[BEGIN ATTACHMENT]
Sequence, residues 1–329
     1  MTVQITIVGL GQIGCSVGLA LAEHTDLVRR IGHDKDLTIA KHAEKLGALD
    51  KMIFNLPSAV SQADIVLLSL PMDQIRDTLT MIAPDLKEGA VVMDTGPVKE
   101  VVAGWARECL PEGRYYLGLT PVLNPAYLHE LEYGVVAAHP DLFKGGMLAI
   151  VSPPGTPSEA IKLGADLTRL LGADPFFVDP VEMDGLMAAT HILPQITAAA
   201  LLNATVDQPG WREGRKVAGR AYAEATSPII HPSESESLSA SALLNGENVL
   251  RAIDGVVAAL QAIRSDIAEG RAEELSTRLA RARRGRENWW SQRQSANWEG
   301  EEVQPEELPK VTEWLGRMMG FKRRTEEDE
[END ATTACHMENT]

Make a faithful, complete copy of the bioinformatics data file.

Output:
Sequence, residues 1–329
     1  MTVQITIVGL GQIGCSVGLA LAEHTDLVRR IGHDKDLTIA KHAEKLGALD
    51  KMIFNLPSAV SQADIVLLSL PMDQIRDTLT MIAPDLKEGA VVMDTGPVKE
   101  VVAGWARECL PEGRYYLGLT PVLNPAYLHE LEYGVVAAHP DLFKGGMLAI
   151  VSPPGTPSEA IKLGADLTRL LGADPFFVDP VEMDGLMAAT HILPQITAAA
   201  LLNATVDQPG WREGRKVAGR AYAEATSPII HPSESESLSA SALLNGENVL
   251  RAIDGVVAAL QAIRSDIAEG RAEELSTRLA RARRGRENWW SQRQSANWEG
   301  EEVQPEELPK VTEWLGRMMG FKRRTEEDE